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16 of 17 people found the following review helpful By Helsinki Naisten on 13 April 2013
Format: Kindle Edition
Having read all of Cumming's books had pre-ordered The Hidden Man and looked forward to its arrival on my Kindle. However, I am half-way through the book and have set it aside as I cannot summon the interest to continue. The story starts well, interest is building in the characters and then, well, nothing happens. The idea of the 2 brothers and their relationship with their estranged father being a centre-piece is flawed as it goes into so much detail and, really, who gives a ----? None of these characters - the father and 2 sons - is interesting enough to me to care about how they feel. I bought the book as a thriller/spy novel - it certainly isn't thrilling to me and the intrigue angle is wedged between the angst of the brothers. Groan. Oh dear, let's hope Cumming's next book is better than this one. For me, this one's a dead loss.
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47 of 51 people found the following review helpful By charles j owen on 12 Jun. 2003
Format: Paperback
There was a famous review of an early Bruce Springsteen concert that ran along the lines of "I've seen the future of rock'n'roll - and his name is Bruce Springsteen". Well, I've just read the future of spy fiction, and if there's any justice it will be Charles Cumming. This is as immaculately plotted a thriller as you could want, with the added bonus - rare in the genre - of plausibility, literacy, and an understanding of how people tick.
The storyline is simple, and none the worse for it. Patrician M16 officer comes in from the cold to try to patch up relations with the sons he walked out on 30 years before, but just as the thaw begins he is murdered. Brother 1 - thrusting executive for a Ministry of Sound-style club - joins forces with Brother 2 - layabout artist with a flirtatious journalist wife - to find out who bumped off their old man, but are soon out of their depth as Russian gangsters and MI5 muscle in and the safety catches come off.
What distinguishes the book is partly Cumming's deft observation of contemporary London - though there is no shortage of characters meeting sticky ends, the mood in general is much more "bling-bling" than "bang-bang" - and also his grasp of human relations and motivations. It is this, rather than standard gung-ho action, that drives the book, and so renders the characters credible. The Hidden Man is thus much more of a spy novel in the tradition of Maugham or Le Carre than your average, thick-eared beach read, although Cumming's own time as an MI6 trainee (which he drew on in his previous book, A Spy By Nature) means that, as in Maugham and Greene's work, there is also no shortage of inside information on how the intelligence game is really played. Strongly recommended.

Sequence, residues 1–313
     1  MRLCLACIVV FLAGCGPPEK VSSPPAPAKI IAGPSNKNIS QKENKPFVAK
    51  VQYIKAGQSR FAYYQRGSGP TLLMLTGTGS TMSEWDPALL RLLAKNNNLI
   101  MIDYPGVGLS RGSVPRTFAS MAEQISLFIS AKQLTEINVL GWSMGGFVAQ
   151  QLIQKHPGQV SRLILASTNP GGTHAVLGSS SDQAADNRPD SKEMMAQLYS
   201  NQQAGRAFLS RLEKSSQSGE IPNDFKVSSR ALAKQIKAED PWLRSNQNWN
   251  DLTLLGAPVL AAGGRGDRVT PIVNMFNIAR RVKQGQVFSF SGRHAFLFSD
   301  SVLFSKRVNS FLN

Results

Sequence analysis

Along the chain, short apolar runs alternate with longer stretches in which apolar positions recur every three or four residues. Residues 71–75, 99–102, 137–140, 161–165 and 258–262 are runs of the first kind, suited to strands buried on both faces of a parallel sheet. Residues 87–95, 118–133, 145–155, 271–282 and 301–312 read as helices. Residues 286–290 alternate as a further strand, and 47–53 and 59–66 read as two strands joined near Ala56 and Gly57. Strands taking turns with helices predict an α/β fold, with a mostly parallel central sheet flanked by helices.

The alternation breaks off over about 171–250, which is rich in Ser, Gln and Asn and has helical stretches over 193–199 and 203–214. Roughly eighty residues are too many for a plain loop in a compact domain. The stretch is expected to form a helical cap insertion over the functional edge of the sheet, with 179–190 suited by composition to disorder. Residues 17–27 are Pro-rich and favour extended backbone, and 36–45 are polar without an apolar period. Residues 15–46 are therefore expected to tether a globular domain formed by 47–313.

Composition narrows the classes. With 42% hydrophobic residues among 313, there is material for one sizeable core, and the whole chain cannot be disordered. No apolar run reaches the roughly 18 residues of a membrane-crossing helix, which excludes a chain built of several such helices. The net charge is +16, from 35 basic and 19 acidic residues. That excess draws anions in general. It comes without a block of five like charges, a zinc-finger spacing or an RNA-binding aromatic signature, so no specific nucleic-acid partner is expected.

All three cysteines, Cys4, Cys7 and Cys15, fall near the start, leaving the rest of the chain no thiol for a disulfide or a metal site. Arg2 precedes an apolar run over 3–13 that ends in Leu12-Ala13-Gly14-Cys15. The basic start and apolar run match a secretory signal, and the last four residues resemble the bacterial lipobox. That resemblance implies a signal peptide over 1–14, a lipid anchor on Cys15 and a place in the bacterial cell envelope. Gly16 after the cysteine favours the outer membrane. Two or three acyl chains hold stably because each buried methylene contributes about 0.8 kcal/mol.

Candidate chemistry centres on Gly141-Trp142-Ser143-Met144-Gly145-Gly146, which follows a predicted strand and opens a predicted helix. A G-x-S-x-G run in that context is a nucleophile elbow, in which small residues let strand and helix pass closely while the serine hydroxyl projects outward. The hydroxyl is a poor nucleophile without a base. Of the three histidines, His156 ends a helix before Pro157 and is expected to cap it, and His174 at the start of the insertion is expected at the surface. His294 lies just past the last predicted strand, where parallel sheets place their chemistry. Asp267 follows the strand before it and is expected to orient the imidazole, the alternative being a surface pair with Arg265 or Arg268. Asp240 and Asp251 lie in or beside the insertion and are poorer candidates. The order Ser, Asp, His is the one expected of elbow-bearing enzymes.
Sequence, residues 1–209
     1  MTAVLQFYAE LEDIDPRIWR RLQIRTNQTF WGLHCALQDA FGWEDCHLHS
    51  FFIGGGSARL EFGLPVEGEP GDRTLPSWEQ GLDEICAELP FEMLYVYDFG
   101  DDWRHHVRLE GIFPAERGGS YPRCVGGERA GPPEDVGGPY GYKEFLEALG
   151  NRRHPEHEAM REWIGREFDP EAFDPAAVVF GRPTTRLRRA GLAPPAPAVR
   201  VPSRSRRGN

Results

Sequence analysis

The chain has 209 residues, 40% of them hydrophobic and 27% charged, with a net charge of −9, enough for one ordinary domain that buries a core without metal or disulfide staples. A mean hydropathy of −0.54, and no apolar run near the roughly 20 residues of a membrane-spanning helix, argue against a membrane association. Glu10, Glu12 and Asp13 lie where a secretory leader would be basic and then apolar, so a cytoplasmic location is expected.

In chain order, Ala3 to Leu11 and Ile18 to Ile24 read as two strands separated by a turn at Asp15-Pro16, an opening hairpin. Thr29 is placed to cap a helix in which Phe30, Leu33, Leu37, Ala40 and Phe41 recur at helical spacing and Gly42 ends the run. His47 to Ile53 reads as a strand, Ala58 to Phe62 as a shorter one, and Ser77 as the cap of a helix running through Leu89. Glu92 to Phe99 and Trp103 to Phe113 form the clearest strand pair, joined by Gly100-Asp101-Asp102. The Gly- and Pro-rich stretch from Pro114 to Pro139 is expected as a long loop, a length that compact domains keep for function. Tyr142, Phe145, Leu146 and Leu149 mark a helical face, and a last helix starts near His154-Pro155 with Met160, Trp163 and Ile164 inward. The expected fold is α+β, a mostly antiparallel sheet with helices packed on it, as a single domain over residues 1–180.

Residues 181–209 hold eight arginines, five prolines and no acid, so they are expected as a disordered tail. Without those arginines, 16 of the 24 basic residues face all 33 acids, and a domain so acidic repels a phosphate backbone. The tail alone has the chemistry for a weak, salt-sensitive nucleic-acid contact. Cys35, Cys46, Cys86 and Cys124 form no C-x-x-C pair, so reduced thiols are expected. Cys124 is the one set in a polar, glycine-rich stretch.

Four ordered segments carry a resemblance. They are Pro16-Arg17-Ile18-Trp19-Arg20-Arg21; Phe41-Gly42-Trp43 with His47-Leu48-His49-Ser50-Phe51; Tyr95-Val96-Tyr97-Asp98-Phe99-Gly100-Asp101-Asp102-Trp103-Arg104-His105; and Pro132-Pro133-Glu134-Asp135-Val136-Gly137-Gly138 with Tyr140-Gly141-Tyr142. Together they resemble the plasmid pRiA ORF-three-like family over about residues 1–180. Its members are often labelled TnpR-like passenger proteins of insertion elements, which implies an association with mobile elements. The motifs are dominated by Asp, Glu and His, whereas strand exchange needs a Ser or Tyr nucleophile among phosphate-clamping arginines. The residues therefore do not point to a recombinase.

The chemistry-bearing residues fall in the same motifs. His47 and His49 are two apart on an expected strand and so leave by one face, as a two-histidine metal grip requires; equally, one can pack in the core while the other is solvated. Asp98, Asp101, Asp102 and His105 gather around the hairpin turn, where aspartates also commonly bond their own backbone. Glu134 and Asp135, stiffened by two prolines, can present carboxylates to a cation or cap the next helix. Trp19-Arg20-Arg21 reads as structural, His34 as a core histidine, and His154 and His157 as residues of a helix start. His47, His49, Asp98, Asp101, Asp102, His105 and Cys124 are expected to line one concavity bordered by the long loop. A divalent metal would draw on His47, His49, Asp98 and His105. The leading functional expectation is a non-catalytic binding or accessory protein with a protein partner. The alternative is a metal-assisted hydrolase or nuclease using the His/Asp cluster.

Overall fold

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11 of 12 people found the following review helpful By A Customer on 15 July 2003
Format: Paperback
I enjoyed Charles Cumming's first book, A Spy By Nature, enormously, but The Hidden Man is even better. The complex plot revolves around two brothers whose father abandoned them when they were children to join MI6. Elegantly written and gripping from the first page to the last, I would strongly recommend this book to anyone who likes "intelligent" thrillers.
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15 of 17 people found the following review helpful By A Customer on 30 May 2003
Format: Paperback
It can take a long time for so-called 'genre authors' to get the respect that their literary skills deserve. With his second book, Charles Cumming should win that battle. Espionage fans can relax, The Hidden Man' is a thriller - and a fine one - but the quality of the writing makes it much more than that. He has a real talent for bringing a scene or human face to life with one telling detail. The dialogue has both the natural swing and the uneasy depth of real speech. The storytelling is taut and gripping but never sacrifices truthfulness for plot. Readers of the first novel will notice themes re-appearing and being developed; the ever-shifting gap between appearance and reality, the way lies are woven into our most intimate relationships. It's great to read a writer who doesn't use these ideas as the jump-off point for pages of 'high-prose' but clearly sees that they are the stuff of life. With the hip young authors of the US + UK disappearing up their own neuroses, I believe that Genre is the last refuge of uncluttered writing that features real people. Graham Greene and John Le Carre set the worldwide standard for stories that combine intrigue with thoughtful investigations of the human character. Charles Cumming is one of the inheritors of that legacy.